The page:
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Expats on the Run: Marathons

13 April, 2011 08:51  Erin Erin

People running on a bridge. Marathon © galam - FotoliaMost of us have never felt the need to run a marathon. Oddly, there are thousands that do. Officially, a marathon is a long-distance running event with an official distance of 42.195 kilometers (26 miles and 385 yards). The first events celebrated the fabled run of the Greek soldier Pheidippides, a messenger from the Battle of Marathon, to Athens. It became an official Olympic events in 1896 in Athens, though the distance did not become standardized until 1921.

Now, more than 500 marathons are run throughout the world each year. Tens of thousands of participants come, some from around the world, to just run. While most people do not participate to win, some people seem truly addicted. Belgian athlete Stefaan Engels recently made world-wide news in his world record running streak of 365 marathons in 365 days.

So why do some people do it? And what do Marathons around the world say about the cities they are run in and the people that run them?

Paris International Marathon / Marathon International de Paris

The Paris Marathon was just completed on April 10th, 2011 with Kenyans, Benjamin Kiptoo and Priscah Jeptoo, taking top honors in both the men's and women's divisions. The racing time average was estimated at 5 hours 40 minutes with Kiptoo completing it in 2:06:29.

This annual marathon takes place along an attractive route from the Champs-Elysees towards the Place de la Concorde and finishing at Foch Avenue. Originally called the "Tour de Paris Marathon", the first event took place in 1896 with 191 participants. The event is normally held on a Sunday in April and with around 35,000 runners and 250,000 observers.

Fun Fact: French marathons, including the Paris Marathon, are unusual in requiring a doctor's note affirming the runner is physically fit to run a marathon.

Official website:

London Marathon

This prestigious race is one of a series that forms the biennial World Marathon Majors series which awards $500,000 annually to the best overall male and female performers. The race was founded by the former Olympic champion and renowned journalist Chris Brasher and Welsh athlete John Disley.

It has been held each spring in London since 1981. The 2011 London Marathon, the thirty-first race, will take place this Sunday, April 17th, 2011. The course is traditional, following the River Thames, and finishing in The Mall alongside St. James's Palace.

There are three Marathon races - the Mass race, the Elite Women, and the Wheelchair. The races are a major feature, but also part of a larger celebrator sporting festival and a major fund raiser.

Fun Fact: The London Marathon holds the Guinness world record as the largest annual fund raising event in the world. In 2011 the official charity of the London Marathon is Oxfam.

Official website:

Boston Marathon

Yet another leg of the World Marathon Majors series, the Boston Marathon is the world's oldest annual marathon. It was inspired by the success of the 1896 Olympic marathon and has been held since 1897.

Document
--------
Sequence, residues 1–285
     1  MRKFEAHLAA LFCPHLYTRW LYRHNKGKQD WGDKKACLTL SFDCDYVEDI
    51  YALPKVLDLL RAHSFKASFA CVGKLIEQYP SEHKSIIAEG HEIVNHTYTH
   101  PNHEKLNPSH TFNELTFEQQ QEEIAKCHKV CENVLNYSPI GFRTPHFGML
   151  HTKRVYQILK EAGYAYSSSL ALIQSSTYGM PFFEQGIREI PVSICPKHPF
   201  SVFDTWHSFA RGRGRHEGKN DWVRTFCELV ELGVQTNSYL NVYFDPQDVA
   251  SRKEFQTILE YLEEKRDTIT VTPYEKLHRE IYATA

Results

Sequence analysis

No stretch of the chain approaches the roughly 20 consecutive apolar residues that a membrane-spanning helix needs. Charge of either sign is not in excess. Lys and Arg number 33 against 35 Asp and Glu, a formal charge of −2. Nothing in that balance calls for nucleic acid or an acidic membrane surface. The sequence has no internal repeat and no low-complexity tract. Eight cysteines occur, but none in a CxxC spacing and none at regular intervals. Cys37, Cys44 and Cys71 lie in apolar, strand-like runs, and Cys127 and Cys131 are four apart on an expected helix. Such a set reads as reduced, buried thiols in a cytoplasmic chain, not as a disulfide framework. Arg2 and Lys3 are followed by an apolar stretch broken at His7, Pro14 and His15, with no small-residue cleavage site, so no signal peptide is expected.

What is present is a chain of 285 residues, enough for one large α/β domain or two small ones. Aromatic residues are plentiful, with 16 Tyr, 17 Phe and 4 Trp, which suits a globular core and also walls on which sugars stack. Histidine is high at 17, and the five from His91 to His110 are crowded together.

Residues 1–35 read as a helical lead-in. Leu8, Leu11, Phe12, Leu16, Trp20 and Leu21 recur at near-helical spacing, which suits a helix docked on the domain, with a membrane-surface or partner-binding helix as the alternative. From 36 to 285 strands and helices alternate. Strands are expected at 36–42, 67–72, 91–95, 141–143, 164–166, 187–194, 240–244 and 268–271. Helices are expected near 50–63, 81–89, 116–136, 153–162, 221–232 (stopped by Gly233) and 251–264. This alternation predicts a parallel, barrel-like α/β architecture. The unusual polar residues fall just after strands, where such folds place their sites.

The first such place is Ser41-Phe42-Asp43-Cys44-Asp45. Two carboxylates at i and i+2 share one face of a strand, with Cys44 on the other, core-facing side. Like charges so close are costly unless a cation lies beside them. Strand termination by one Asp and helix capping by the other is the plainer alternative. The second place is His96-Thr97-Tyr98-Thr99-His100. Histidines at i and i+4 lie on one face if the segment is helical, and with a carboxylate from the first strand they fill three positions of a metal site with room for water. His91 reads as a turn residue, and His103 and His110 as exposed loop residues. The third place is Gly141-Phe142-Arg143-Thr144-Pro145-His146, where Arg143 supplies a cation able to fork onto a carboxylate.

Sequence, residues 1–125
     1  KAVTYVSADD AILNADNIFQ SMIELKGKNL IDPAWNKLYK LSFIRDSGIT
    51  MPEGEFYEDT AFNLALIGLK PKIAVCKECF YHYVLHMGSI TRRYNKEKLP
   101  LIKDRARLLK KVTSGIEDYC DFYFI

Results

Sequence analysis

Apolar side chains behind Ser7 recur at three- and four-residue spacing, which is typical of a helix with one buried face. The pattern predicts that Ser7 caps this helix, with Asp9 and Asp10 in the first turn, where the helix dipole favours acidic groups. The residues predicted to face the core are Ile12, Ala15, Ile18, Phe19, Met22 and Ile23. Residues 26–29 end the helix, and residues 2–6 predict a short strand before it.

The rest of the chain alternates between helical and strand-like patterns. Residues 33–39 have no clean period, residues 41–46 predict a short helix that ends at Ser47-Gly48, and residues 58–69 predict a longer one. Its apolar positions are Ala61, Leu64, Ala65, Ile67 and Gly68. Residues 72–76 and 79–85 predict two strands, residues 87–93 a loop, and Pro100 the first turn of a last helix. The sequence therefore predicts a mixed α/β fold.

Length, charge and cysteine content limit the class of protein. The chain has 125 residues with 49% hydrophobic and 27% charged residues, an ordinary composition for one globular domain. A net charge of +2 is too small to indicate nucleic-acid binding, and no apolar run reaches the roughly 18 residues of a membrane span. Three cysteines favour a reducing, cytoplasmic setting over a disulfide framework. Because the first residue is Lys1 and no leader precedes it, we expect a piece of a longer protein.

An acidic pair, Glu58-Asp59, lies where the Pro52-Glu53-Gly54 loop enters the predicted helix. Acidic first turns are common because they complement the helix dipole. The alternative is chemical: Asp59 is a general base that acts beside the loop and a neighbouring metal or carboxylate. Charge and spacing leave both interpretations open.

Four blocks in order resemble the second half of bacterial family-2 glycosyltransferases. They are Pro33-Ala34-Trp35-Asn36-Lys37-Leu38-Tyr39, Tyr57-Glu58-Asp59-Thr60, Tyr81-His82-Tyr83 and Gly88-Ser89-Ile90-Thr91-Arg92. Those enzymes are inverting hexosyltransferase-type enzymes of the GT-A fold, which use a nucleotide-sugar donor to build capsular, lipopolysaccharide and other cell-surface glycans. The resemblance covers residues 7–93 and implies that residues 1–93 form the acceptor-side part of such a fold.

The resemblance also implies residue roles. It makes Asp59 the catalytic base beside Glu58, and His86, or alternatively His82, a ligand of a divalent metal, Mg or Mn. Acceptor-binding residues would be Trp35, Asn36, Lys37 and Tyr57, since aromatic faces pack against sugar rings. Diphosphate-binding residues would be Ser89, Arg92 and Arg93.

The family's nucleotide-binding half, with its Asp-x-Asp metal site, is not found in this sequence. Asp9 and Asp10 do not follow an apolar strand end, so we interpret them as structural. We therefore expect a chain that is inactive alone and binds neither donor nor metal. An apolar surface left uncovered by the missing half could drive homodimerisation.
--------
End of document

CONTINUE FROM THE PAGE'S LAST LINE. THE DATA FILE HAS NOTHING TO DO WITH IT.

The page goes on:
The event is held on Patriots's Day which is the third Monday of April. The next event is next Monday, April 18, 2011. An average of about 20,000 registered participants compete each year. The race runs through eight Massachusetts cities and towns: Hopkinton, Ashland, Framingham, Natick, Wellesley, Newton, Brookline, and Boston. It is an incredibly difficult course of winding roads and difficult hills into the center of Boston with the official finish line at Copley Square. Many people succumb to "Heartbreak Hill", between the 20 and 21 mile marks, it is the last of four Newton hills and coincides with most runner's "hitting the wall".

Fun Fact: Father-son pair, Dick and Rick Hoyt, are staples of the race. Rick has cerebral palsy and it was believed he would never have a normal life and that Rick should be institutionalized. Dick and his wife disagreed and raised him like an ordinary child. Rick has an avid interest in sports and Dick began competing with Rick in a wheelchair. Dick and Rick have now competed in over 1032 endurance events, including 26 appearances at the Boston Marathon.

Official website:

Berlin Marathon

Another marathon in the biennial World Marathon Majors series, the Berlin race draws over 40,000 competitors from over 100 countries. There are usually over one million enthusiastic spectators along the route.

Begun in 1974, the event traditionally takes place on the last weekend in September. It starts and ends near the Brandenburg Gate and crosses through Charlottenburg, the Tiergarten, Mitte, Friedrichshain, Kreuzberg, Neukolln, Schoneberg, Steglitz, Zehlendorf, and then north to the center. The course is known for being flat and even with mild temperatures. The most marathon world records for men and women have been set at the Berlin course.